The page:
The Asian horror remakes aren’t slowing down, honestly it seems like we get at least two a month at this point. The latest one to hit theaters is “Shutter” which tries to steal it’s marketing off of “White Noise” to no avail. While “Shutter” is a unique animal in many ways it highlights why these American remakes just don’t work out.
Newlyweds Ben (Joshua Jackson) and Jane (Rachael Taylor) move to Tokyo so Ben can continue his job as a photographer. Things seem blissful but Jane keeps thinking about a woman the couple hit with their car their first night in Tokyo, the problem is nobody saw the girl but Jane. In looking at recent photos Jane stumbles onto the world of “spirit photography” where the dead make themselves known in photographs. Eventually both Ben and Jane are suffering from visions and apparitions with no idea what is going on.
I was really surprised at how unique this movie is compared to other Asian remakes. Sadly I can’t discuss too much of what makes “Shutter” different without spoiling the end but suffice it to say the movie goes places you wouldn’t expect. The movie doesn’t just plop two characters in a different environment but you also see the deeper meaning of the couple’s marriage. It just seems that this ghost is finding cracks that are already ingrained in this marriage. The whole concept of spirit photography is one that is very real and interesting and the movie more than plays this up with a lot of real spirit photos that are fun to watch. The ending will be one you either really love or really hate; me I thought it was a very different approach and was fun but I know many people left the theater flat out hating it.
While I really wanted to enjoy the movie overall I left the theater highly disappointed. The movie’s marketing campaign shows “real” spirit photos and goes with the idea that these pictures foretold people’s deaths. In the movie this never happens, the pictures don’t depict a person’s death at all. In fact pictures aren’t even taken when people die so it’s highly strange that the marketing plays up this nonexistent aspect. There is also a high level of speculation and such that go unresolved, mostly involving Ben’s relationship with various female characters. They play up this part and it never pays off. I was also surprised by the high number of characters that just seem to be set dressing. You have James Kyson Lee who is in one scene and really I don’t know why they got him when it could have gone to a far cheaper celebrity. You also have a medium that they spend thirty minutes debating about seeing only to have him there for a minute. The biggest letdown is how long and drawn out this movie is. The big reason American audiences (at least the ones I see movies with) leave the theater angry at these remakes is there is very little true scares and a lot of long talking; “Shutter” is no different. At an hour and 24 minutes it easily feels like two and that’s because of how slow the movie is. There is a lot of long talking sequences that never go anywhere and the film sets up so many strings and doesn’t know which one to pick. You think the movie’s going one way and it just ends to go somewhere else, what makes it harder is you would think this would lead to a big payoff at the end but it doesn’t. There are very little scares and one very disorientating scene involving a flash going off in a dark room (if you have seizures stay away) and it just drags on and on. There also seem to be at least five endings, almost as if the director couldn’t decide which one to go with.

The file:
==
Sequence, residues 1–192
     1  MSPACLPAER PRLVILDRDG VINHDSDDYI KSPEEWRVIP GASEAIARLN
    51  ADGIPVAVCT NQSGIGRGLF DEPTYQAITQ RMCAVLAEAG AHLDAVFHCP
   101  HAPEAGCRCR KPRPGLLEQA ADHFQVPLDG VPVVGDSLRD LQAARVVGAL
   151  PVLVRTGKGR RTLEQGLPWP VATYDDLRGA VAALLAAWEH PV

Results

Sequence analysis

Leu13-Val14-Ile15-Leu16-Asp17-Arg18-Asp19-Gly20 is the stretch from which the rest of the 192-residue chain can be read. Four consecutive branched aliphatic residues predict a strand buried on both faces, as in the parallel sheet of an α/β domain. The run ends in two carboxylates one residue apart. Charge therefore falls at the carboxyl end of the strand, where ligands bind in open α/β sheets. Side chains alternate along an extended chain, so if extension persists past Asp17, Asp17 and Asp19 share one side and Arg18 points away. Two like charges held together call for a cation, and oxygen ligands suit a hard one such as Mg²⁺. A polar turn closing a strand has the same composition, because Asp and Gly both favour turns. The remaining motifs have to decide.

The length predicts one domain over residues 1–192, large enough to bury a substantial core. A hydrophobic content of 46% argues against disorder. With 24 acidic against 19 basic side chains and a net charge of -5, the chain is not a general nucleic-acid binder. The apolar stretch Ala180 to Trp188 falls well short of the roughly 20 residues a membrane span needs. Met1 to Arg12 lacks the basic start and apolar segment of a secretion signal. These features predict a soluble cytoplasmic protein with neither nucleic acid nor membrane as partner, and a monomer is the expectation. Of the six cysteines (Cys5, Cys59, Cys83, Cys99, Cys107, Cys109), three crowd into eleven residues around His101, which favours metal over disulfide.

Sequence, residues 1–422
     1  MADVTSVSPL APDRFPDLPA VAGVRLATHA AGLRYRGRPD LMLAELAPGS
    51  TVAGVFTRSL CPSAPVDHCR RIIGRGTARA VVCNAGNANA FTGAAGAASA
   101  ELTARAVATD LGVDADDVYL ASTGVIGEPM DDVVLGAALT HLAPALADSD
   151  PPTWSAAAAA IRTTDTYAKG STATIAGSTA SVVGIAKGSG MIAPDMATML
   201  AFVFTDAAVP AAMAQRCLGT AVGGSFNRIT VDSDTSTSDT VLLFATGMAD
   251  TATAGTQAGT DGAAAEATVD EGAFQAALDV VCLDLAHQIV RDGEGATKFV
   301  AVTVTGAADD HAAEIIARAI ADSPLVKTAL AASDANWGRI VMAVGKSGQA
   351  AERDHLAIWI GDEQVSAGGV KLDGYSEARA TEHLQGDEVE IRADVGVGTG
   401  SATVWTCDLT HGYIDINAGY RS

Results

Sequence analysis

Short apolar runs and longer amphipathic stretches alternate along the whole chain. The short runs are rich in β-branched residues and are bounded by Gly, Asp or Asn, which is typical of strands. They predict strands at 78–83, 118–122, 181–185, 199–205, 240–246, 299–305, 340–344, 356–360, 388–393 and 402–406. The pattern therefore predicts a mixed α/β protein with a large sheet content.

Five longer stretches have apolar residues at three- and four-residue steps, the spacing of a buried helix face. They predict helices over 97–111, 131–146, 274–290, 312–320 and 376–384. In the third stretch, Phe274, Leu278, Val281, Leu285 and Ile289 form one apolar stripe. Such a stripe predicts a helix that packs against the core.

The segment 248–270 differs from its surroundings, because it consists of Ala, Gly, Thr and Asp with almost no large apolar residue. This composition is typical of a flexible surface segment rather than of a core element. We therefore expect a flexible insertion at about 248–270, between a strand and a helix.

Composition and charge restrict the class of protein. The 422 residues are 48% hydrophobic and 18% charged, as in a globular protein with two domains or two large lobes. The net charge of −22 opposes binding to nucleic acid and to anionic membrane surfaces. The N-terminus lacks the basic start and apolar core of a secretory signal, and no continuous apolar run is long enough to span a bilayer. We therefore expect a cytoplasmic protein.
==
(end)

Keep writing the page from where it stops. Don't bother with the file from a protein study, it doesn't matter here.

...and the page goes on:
The acting is rather good for what is essentially a dialogue heavy film. Semi-newcomer Rachael Taylor is very good as Jane. Her Australian accent is covered very well and in watching this movie she comes off very much like Naomi Watts in “The Ring” in looks and acting. Her chemistry with Joshua Jackson seems incredibly natural. I’m a huge Joshua Jackson fan and frankly I think I’d watch him read paint samples and find it interesting. The role isn’t Oscar worthy by any stretch but Jackson always delivers a solid performance. He was able to convey the romance, the fear and the tension all at once and it was great. Other than that the rest of the actors are purely used for stock purposes and no one stands out.
As much as I wanted to enjoy what made “Shutter” different its way too long and dull to make any type of splash. Overall I’d give it a 2/5.